That covers the correlation between music speed and intelligence. It’s not that faster music makes you smarter, but rather that smarter people tend to like faster music. Next, we’re going to jump into how the music you choose can affect you.
One of the biggest reasons that I can’t listen to most music is because I don’t want to hear what they’re singing about. The words of most popular songs drive me crazy. When I’m at the gym, I can’t avoid it and get subjected to “popular” music like “Without You.” Here are the lyrics that song starts with:
I can’t win, I can’t reign
I will never win this game
Without you, without you
I am lost, I am vain,
I will never be the same
Without you, without you
Exactly what type of sad, hopeless bastard would speak these words? I am amazed that when I listen to the lyrics of most popular songs, the people are usually singing something to the effect of meeting the perfect person, whom they are hopelessly in love with, but that person doesn’t want anything to do with them. It’s either that, or they’re singing about how angry they are that they got dumped and/or cheated on by this person. Song lyrics work as hypnotic suggestions to your unconscious mind. You don’t want to listen to people singing about feeling worthless and unloved because you will begin to associate with it personally.
If you don’t believe me on that last point, or think it’s irrelevant, let me ask you the following question: When you listen to these hopeless and pitiful love songs, who’s singing? If you are like most people, you sing along with them in first person, as in singing the song in relation to an experience you had. When I hear these songs, I hear them as someone else singing them to me, about what’s going on with them. It sounds pitiful to me and I don’t want to listen to it. If it’s a guy, my answer is, “Shut up and grow a pair of balls. There are billions of other women on this planet.” If it’s a girl singing, it’s even more painful for me to listen to. I hear this woman singing to me as though I’m the man she loves, but who doesn’t care about her.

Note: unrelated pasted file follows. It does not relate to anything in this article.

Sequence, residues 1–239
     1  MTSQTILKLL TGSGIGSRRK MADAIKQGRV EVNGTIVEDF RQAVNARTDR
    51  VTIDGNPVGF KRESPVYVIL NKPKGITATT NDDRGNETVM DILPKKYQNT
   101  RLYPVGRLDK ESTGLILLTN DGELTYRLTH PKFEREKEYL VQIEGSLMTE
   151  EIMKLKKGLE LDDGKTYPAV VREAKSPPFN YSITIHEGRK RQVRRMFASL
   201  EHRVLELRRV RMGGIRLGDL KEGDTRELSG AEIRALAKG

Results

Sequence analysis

In any case, I don’t want my unconscious brain to be programmed with “that girl got away and she was my only chance at true love” type thinking. Most of the music I listen to has no words.
Think of it like this: If you were trying to read a book, work on a project, or focus on problem-solving-type thinking, how annoying would it be having a teenaged girl in the room who wouldn’t shut up about her boyfriend who just cheated on her? That is exactly how I feel when I listen to the words of most songs. It’s annoying and hinders my ability to focus. So I choose songs with no, or very few, words. When words occasionally pop up in the trance I listen to, they aren’t bitching about lost love. The lyrics are few and far between, and usually something along the lines of “Hell yeah!” They are about someone having a good time on a positive note, never anything negative.
Now, for your third and final lesson about music: Choosing the music you work out to.
You can use this chart to make a good guess as to what your target heart rate should be while working out, depending on your age and workout goal.
Here’s the connection most people don’t make about the music they should be listening to while working out. You want to listen to music that has the same BPM as your target heart rate (also measured in beats per minute). Depending on your age, you’ll notice that trance music is perfect for aerobic training. The trick is to use the speed of the music to pace your heart.
I’ve included some songs below, if you’re curious what I’m listening to. Just click on the URL under the song name to listen to it at soundcloud.com. To do these songs justice, I’m hoping you have a subwoofer and some understanding neighbors.
Tiesto – Driving To Heaven (Mat Zo Remix)
Pulser – Cloudwalking (Trance Renaissance Mix)
Lange feat. Emma Hewitt – Live Forever (Mat Zo Remix)
Storm – Time To Burn (Club Mix)
I’m also a huge fan of Christopher Lawrence. You can hear full DJ sets by him at:
If you like what you hear and want more, a great place to start is www.di.fm, where you’ll find a trance channel that plays some of the same songs I listen to.